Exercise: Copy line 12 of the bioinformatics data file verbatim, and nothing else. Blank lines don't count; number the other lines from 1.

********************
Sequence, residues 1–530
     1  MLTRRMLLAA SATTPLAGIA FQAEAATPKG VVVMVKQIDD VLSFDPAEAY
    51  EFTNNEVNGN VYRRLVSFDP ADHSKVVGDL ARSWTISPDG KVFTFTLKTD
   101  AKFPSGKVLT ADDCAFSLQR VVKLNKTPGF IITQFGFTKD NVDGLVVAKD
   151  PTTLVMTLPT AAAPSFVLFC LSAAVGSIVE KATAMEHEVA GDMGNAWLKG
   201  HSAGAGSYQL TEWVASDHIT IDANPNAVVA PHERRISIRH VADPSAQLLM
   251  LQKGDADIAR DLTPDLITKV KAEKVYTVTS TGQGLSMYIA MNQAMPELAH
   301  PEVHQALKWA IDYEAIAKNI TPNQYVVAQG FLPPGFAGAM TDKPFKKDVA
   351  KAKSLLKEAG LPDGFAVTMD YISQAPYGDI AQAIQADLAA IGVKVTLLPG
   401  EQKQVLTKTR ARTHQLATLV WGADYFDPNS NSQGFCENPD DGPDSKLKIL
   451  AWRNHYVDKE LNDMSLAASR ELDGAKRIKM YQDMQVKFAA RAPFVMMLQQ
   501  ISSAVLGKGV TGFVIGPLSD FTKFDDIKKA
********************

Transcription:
   501  ISSAVLGKGV TGFVIGPLSD FTKFDDIKKA